It was a lot of work for a little bit of freedom, but we were desperate. Me, more so than Matt. I was crawling the walls, dying slowly of cabin fever. Each time I saw photos of get-togethers we weren’t a part of, I felt like Mel Gibson in “Braveheart,” howling for freedom while someone did unkind things to my guts. We had bent over backwards to create a family for ourselves, and now that we had it, all I could do was obsess about how much fun everyone else was having.
I knew that in order to have any shot at a happy life, I was going to have to find a way to balance quality family time with quality social time. I was a mom now, but I wasn’t willing to shed all the skin of my former self. My family and friends had been the source of my happiness for decades—why would I suddenly not need those relationships just as much?
Admitting that being a mother isn’t 100% fulfilling can feel like heresy. But, there it was. I loved my babies. I fussed and fretted over them and stared at them, amazed and googly-eyed while they crammed dog toys in their mouths. But, once night fell and they were asleep, all I wanted was to go out and be someone other than the person who had triplets.
So, that’s what I started doing. Matt and I began taking turns having a night out with friends during the week. On the weekend, we splurged for a sitter and went out together. I could relax over appetizers, have some drinks, maybe even rip some shirts open. And though nobody wants to be woken at 5AM after a night of boozing by three irate men in soggy pants, the pain was worth the pleasure of feeling like my old self for a couple of hours.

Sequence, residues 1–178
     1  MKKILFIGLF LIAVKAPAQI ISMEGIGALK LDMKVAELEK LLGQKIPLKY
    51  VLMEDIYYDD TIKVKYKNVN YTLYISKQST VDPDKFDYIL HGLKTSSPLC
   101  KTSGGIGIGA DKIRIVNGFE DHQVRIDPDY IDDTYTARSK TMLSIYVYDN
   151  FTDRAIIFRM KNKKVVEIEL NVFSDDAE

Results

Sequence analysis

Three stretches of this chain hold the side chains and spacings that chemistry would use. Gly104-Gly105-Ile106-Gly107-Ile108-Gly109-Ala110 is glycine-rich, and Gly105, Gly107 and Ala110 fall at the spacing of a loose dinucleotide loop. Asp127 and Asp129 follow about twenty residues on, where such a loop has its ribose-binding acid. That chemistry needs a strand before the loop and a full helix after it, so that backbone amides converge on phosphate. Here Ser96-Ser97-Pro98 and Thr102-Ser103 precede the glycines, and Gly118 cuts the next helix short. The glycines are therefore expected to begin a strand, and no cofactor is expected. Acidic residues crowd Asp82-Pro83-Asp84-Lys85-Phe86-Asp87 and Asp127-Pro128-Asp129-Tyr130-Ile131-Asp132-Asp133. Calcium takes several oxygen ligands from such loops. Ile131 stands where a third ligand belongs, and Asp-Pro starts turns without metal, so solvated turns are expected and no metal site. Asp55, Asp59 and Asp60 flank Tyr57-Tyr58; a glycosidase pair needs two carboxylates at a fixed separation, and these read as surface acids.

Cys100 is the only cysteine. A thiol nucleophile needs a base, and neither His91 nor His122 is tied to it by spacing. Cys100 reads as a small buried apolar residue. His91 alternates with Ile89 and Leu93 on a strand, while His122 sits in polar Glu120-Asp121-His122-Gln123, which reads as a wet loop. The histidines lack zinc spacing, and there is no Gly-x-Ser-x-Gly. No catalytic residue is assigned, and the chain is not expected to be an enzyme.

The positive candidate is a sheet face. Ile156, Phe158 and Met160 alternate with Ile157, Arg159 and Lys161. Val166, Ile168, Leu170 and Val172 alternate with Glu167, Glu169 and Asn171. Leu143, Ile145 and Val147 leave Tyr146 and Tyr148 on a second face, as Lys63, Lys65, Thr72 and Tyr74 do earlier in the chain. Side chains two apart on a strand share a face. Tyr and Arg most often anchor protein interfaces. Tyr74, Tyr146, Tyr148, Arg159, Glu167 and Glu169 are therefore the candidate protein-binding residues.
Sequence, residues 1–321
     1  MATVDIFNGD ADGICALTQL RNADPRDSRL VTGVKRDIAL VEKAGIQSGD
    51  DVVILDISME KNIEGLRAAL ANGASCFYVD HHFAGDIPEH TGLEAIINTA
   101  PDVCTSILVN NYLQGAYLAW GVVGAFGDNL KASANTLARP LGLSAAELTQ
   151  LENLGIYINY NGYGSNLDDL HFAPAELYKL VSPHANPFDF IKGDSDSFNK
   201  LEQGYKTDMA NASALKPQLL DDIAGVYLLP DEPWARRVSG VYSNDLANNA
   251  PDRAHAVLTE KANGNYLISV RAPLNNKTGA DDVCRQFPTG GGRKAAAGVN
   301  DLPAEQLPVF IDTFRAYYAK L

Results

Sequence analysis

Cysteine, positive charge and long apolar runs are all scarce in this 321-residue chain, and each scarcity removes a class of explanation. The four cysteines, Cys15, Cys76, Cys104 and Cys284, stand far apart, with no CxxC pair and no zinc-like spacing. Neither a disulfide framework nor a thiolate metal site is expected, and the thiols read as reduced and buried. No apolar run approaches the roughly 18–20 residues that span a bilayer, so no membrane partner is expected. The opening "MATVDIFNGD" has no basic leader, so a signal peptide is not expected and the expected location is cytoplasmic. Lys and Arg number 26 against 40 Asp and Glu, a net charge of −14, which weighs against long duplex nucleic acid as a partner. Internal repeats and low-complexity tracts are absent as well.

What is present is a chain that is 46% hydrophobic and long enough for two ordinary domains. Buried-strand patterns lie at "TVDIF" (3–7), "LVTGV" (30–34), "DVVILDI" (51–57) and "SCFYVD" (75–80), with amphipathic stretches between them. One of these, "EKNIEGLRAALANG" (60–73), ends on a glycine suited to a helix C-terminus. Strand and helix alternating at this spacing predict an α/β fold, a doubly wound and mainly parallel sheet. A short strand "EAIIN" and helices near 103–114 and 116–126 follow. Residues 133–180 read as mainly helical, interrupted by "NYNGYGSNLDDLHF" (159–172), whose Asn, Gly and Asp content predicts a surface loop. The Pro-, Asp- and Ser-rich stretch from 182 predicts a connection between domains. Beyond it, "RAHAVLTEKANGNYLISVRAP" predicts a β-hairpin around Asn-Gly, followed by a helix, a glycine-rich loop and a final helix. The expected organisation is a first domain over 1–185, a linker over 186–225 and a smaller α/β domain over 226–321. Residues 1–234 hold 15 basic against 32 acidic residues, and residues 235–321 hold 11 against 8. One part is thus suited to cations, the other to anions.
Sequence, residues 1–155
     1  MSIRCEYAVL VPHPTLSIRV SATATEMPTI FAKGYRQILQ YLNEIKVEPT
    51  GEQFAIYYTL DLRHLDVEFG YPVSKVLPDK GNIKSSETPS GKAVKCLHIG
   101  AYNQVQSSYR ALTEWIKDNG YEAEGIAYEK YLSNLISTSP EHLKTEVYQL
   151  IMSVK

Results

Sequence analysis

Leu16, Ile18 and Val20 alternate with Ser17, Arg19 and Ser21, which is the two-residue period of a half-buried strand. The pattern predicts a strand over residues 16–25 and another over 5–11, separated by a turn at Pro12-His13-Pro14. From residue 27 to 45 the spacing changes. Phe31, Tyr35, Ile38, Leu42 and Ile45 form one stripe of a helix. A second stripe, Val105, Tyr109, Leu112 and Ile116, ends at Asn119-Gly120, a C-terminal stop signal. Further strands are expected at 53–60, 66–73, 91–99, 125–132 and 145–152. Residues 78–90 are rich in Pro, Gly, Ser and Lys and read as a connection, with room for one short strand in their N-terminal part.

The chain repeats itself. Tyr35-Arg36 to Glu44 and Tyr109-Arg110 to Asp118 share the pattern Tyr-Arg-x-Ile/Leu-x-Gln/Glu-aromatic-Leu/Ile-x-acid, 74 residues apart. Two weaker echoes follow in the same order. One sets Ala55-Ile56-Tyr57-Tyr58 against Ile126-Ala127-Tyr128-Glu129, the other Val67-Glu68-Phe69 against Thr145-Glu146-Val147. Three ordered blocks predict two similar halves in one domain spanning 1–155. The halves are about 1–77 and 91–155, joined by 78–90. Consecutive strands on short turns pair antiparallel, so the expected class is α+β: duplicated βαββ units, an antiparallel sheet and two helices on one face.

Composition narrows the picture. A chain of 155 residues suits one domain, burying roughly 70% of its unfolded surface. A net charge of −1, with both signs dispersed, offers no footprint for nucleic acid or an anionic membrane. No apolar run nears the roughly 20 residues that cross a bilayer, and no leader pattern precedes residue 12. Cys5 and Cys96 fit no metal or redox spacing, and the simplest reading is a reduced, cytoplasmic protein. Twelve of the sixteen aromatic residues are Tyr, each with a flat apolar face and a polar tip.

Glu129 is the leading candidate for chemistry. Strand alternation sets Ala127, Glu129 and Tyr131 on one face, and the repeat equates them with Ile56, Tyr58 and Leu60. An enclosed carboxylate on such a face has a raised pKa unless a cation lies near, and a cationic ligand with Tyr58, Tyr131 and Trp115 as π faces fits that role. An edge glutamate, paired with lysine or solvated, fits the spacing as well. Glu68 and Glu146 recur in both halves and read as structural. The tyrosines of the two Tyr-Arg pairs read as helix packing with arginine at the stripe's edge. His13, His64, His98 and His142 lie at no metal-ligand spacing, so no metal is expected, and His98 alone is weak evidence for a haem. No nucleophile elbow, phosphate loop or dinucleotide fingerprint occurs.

Our life exploded in 2013, in an amazing display of fireworks and excrement. 2014 is a rebuilding year. We are slowing reclaiming pieces of our former selves, getting used to the new bits and creating the life we want to live. It’s hard work, but it’s paying off.
That’s not to say I don’t suffer from FOMO from time to time. But now it’s not just fear of missing out on what my friends are doing. It’s also fear of missing out on what my sons are doing, which is a lot these days. This month alone we’ve heard them say “dada” (they’re super into avant-garde art from the early 20th century), we’ve watched, awe-struck, as they army crawl across the floor, feed themselves Cheerios and clap their hands. Every day they are mastering physics and activating new learning centers in their brain. And every day something moves, deep inside of me–something that is tremendously joyful and immensely heartbreaking–when I see them venture out beyond their baby-ness and become real people.
I guess my point with all this is to say that I know how important it is to be present for those fleeting, magical moments as a new parent. But there is also a pre-parenting part of me that sometimes kicks and twists just as hard as my children do as they propel themselves across the floor. And I think that it’s normal and OK to indulge that side from time to time.
Obviously, I’m not going to make it out to hang with my friends as much as I used to. Most of my dancing will continue to take place in front of my sons, who are confused and concerned by it. But when I do get out of the house, it will be as my old self. Which means one thing.
Guard your snaps.